What about jam the datalink? What happens to all the fancy net-centric then?


Why is one considered susceptible to jamming and the other not?



posted on Feb, 6 2009 @ 04:22 PM
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Originally posted by C0bzz
Could you point me to some articles that show the system of LPI the F-22 uses could be detected? That would be wide spectrum, random pulses, with ultra-low sidelobes. Frequency modulation is used on 30 year old MSA radars, so that doesn't count.

Thanks.


There are literally dozens of papers dealing with it - you can get them through the IEEE.

Here is the link to a thesis on the subject - dated 2001

oai.dtic.mil...

I can assure you - what is in the public domain is at least 5 years behind what is not.



posted on Feb, 6 2009 @ 04:27 PM
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Originally posted by C0bzz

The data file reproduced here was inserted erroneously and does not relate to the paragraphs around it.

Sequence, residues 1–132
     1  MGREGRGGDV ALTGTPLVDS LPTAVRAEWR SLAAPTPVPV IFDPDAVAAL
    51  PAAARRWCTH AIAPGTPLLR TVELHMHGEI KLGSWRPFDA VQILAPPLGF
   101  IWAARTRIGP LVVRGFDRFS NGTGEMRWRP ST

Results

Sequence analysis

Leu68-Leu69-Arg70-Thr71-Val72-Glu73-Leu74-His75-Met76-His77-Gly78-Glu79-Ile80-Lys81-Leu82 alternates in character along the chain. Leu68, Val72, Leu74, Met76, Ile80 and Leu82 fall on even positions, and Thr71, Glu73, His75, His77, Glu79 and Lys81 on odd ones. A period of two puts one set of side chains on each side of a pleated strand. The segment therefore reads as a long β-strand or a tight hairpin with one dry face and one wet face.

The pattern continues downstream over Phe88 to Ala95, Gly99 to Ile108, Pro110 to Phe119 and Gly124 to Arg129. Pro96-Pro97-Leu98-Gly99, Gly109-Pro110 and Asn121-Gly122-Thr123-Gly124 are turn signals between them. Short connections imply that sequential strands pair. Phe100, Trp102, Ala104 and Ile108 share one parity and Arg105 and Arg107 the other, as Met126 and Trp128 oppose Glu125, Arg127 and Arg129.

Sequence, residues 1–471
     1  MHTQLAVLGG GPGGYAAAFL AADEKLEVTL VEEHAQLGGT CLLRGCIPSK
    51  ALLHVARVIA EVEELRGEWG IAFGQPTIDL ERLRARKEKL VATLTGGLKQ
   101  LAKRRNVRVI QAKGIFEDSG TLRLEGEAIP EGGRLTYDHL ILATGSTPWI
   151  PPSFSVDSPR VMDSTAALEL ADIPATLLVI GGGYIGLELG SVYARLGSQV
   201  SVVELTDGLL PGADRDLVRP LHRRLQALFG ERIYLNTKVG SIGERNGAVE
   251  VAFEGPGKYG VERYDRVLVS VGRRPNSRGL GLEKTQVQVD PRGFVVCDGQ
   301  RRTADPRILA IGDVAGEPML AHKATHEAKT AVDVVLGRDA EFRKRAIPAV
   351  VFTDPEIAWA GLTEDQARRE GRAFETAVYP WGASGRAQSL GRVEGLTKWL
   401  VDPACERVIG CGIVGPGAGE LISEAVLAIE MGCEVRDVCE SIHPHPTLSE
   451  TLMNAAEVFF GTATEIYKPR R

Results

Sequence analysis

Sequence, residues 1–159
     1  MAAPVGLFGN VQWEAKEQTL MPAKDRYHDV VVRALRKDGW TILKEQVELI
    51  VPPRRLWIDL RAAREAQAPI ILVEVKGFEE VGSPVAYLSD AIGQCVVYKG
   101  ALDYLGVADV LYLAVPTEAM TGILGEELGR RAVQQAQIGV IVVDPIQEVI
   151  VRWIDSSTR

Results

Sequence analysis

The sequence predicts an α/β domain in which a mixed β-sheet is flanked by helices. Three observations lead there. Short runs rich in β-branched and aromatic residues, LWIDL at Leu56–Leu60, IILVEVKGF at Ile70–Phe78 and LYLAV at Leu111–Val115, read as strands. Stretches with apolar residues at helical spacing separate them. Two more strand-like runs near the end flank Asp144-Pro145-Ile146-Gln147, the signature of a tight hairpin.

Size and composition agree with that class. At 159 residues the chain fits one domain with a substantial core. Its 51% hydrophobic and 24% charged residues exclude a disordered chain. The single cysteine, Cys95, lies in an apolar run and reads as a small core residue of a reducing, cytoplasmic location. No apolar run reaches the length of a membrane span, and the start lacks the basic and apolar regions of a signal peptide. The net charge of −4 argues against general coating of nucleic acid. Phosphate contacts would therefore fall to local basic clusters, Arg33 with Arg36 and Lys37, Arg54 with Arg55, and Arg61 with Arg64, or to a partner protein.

That doesn't work.

www.aoe.vt.edu...

At the WVR combat is going to take place TVC will not be a massive advantage, and certainly, 3d TVC is hardly an advantage over 2d... How is the Flanker a better airframe?


Sorry - it probably looks like I'm picking on you - its just most of your posts I'm seeing problems with!!



Anyhoo - 3D TVC is a major advantage over 2D.


From page 10 of your own link:

"Control effectiveness tends to diminish as the angle of attack increases. This is especially true for the ability to generate yawing moment."

2D TVC cannot help in this regard.